Daniel Kilgore is one of two Democrats challenging incumbent Republican Rep. Steve Stivers for Ohio District 15 in 2020. Stivers is a juggernaut in District 15, and his reelection seems inevitable. Kilgore’s campaign isn’t just a longshot, it’s nearly unthinkable. In fact, according to FiveThirtyEight, it’s a 10% chance at best.
But that doesn’t mean there’s nothing to learn from it. I called Kilgore to see what he believes he can offer.
Stivers has been in Ohio politics since 2003, and a congressman since 2011. Kilgore, on the other hand, has never held elected office. Kilgore hopes his fresh ideas can challenge Stiver’s right-wing platform.
Kilgore’s reason for running isn’t complex; it can be boiled down to the fact that nobody else wanted to take on the challenge.
“It seems like nobody wanted to do it…everyone’s like ‘Oh it’s impossible to win, don’t even bother,’” he said. “They keep saying it’s useless, but when people tell you that, it kind of makes you [wonder]: Why can’t you?”
Kilgore is familiar with discouragement. He claims the Franklin County Democrats told him, “It’s pointless, it’s useless, don’t even bother.” He says Franklin County Democrats told him it would find a more established candidate, but there doesn’t appear to be many “qualified” candidates eager to fight for District 15 in 2020.
While Kilgore is a long way from a favorite in this election, that attitude from party leaders doesn’t provide much hope for the district. Kilgore believes Stivers is a “bully,” and the Franklin County Democrats have no interest in stopping him.
For Kilgore, and many other Democrats in Ohio and nationally, the fight against the GOP is about the forgotten working class. Stivers’ representation fits the Trumpian mold of the modern Republican Party. He has a strong base with conservatives, and if he can reach that base and inflame their concerns, he can keep winning. Kilgore aims to use the economic divide and disparity in the district to challenge Stivers.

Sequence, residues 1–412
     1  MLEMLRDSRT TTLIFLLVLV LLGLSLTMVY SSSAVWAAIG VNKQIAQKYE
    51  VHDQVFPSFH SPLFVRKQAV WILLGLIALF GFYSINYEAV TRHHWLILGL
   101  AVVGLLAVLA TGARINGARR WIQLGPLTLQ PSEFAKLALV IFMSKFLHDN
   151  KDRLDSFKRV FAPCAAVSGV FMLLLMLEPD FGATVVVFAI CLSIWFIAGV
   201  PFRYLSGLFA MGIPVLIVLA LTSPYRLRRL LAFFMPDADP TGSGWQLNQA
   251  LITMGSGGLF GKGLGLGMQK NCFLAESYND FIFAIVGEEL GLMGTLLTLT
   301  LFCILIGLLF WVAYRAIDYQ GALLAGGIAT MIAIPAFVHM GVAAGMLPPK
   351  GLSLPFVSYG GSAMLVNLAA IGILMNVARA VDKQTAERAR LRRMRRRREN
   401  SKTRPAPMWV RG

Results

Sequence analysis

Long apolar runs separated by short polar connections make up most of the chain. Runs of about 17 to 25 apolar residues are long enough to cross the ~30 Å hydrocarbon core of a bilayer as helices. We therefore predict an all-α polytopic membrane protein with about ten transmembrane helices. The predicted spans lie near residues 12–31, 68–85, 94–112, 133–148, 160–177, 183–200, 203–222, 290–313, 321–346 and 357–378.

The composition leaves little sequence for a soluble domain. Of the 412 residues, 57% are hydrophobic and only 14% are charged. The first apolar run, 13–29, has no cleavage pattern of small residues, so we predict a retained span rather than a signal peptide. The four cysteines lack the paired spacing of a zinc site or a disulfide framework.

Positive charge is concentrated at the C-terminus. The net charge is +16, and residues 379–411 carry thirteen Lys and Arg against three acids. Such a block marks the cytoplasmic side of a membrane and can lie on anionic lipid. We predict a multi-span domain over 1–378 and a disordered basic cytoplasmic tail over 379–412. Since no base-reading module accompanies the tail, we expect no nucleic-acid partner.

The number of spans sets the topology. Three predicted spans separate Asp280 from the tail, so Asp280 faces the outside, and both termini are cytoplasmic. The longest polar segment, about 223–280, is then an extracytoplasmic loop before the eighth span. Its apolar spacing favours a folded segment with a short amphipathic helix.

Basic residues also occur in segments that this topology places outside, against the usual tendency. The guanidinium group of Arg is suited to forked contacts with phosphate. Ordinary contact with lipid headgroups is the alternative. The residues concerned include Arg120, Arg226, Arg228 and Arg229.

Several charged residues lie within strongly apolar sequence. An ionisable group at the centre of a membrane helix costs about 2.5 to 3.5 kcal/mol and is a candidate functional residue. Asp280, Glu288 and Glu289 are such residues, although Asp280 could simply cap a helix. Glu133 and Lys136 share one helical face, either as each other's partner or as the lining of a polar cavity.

The average income in Grove City is $58,000 and only $26,000 in Nelsonville. Due to strategic gerrymandering, both of those towns are in the same district. That is where Kilgore’s “Square New Deal” could have traction. His plan is — at its core — a restoration and expansion of America’s social safety net programs started under Franklin D. Roosevelt.
That similarity is not a coincidence. Kilgore idolizes FDR and shapes his platform around Roosevelt’s Second Bill of Rights. He sees the plan as an opportunity to bridge the divide between economically polar communities. He laid out how his plan will cover areas ranging from economic inequality to the protection of the environment.
As for the City of Athens, the leading Democrat will have no issue gaining votes. Rural Athens County is a different story, however. But Kilgore says he has a strategy: “I have a group of people in Lancaster, and I’ve also been talking to people in Pickaway County, and even as far down as Ross County…There has to be some communication lines between the county parties and the people that are trying to represent you.”
He seems to want to end the dominance of Franklin County.
“For so long it seems that Franklin County has controlled everything in the district,” he said. “It seems like everything is controlled through Franklin County for almost the whole entire state...Certain counties feel forgotten, and those things have to change.”
The biggest takeaway from Kilgore’s campaign is his desire to challenge the party. Until someone with dedication or a vested interest in Appalachia is elected, the powers in Columbus will continue to dominate politics.
It’s improbable Kilgore will be District 15’s representative after 2020’s election, but his campaign has value. If the party continues to passively watch Stivers dominate, poverty and inequality in the district will go unaddressed.
Noah Wright is a junior studying strategic communication at Ohio University. Please note that the views and opinions of the columnists do not reflect those of The Post. Want to talk to Noah? Tweet him @NoahCampaign.